This notebook presents the Stochastic Gradient Descent (SGD), which is a popular algorithm frequently used in the field of machine learning. The example describes a single layer neural network with logistic regression for breast cancer prediction. The proposed model is analytically derived and implemented using the Numpy library to demonstrate the core functionality of training and testing. Nonetheless, a Pytorch equivalent of the model is given further below for validation purposes.

last update: 11/04/2022
Author

Christopher
Hahne, PhD

## Data acquisition¶

For our classification example, we employ real data using the UCI ML Breast Cancer Wisconsin (Diagnostic) dataset), which consists of 569 test persons with 2 classes (malignant and benign) and 30 different measured attributes known as features.

## SGD theory¶

Stochastic Gradient Descent (SGD) is a variant of the gradient descent algorithm used to learn weight parameters of a multi-layer perceptron, particularly useful for training large datasets. The weights of the model are updated iteratively. Models trained using SGD are found to generalize better on unseen data.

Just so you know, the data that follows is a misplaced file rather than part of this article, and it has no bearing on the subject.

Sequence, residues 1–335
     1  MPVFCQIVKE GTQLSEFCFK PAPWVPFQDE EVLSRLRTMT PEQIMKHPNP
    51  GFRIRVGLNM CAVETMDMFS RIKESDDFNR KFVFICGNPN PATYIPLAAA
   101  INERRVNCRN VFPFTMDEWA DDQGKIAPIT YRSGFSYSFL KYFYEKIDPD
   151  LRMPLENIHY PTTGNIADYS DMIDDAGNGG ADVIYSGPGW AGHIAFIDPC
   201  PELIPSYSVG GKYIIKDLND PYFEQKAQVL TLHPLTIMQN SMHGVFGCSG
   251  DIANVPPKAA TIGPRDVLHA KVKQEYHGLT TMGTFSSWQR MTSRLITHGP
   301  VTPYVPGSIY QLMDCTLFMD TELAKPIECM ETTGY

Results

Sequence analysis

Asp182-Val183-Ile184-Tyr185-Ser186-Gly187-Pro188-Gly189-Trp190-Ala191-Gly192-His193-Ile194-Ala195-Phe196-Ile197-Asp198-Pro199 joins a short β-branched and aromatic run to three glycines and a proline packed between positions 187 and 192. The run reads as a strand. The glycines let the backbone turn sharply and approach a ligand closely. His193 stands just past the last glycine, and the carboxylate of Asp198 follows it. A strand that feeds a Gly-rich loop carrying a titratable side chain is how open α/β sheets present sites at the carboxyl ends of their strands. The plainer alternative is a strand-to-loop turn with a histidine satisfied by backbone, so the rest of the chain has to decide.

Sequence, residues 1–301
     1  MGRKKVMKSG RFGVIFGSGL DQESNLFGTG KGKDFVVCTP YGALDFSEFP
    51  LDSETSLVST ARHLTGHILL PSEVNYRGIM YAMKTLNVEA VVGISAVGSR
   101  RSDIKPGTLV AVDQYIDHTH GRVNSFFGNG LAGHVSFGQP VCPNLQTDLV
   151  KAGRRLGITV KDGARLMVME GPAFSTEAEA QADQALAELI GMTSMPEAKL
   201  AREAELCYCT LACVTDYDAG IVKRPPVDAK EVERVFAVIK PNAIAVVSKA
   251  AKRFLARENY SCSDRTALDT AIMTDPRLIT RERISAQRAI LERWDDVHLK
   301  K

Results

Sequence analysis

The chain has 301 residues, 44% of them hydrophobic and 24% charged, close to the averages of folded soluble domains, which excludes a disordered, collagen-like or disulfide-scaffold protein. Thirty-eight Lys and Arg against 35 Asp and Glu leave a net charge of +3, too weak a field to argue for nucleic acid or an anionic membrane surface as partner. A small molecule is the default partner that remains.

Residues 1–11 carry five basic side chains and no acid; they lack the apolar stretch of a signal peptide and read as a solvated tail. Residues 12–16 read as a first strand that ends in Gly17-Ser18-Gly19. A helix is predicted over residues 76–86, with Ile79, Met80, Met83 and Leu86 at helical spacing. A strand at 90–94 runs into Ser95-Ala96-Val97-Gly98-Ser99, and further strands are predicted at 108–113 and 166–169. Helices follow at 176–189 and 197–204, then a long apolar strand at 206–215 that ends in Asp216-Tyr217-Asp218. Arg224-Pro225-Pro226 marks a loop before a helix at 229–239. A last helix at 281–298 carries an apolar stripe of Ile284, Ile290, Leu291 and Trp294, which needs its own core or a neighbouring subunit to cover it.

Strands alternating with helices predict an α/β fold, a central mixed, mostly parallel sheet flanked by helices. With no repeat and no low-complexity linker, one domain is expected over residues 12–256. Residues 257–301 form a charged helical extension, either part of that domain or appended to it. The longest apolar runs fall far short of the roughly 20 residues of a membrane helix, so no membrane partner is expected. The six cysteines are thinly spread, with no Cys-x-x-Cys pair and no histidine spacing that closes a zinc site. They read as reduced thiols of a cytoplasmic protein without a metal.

### Optimization¶

For a stochastic regression, a predicted value $\hat{y}$ is a scalar composed by $\hat{y}_i=\mathbf{X}_i\mathbf{w}$ where a column vector $\mathbf{w}=\left[w^{(1)}, w^{(2)}, \dots, w^{(J)}\right]^\intercal$ consists of weights $w^{(j)}$ for each feature $j$ and the row vector $\mathbf{X}_i=\left[x_i^{(1)}, x_i^{(2)}, \dots, x_i^{(J)}\right]$ represents a data sample with $J$ features while $i$ is the sample index from a set with total number of $N$ samples. Note that we add a feature column of ones $\mathbf{x}^{(1)}=[1, 1, \dots, 1]^\intercal$ to the data set to embed and train the bias as variable $w^{(1)}$ instead of treating it as a separate variable. Our predicted class value $\hat{y}$ is supposed to match its actual class $y$ for which a least-squares cost metric $(\hat{y}-y)^2$ may be a reasonable choice. Similar to conventional optimization, SGD aims to minimize an objective function $F(\mathbf{w})$, which in case of SGD may be defined as

$$F(\mathbf{w})=\frac{1}{N}\sum_{i=1}^N f\left(\mathbf{w}, \mathbf{X}_i, y_i\right)=\frac{1}{N}\sum_{i=1}^N\left(\hat{y}_i-y_i\right)^2=\frac{1}{N}\sum_{i=1}^N\left(\mathbf{X}_i\mathbf{w}-y_i\right)^2$$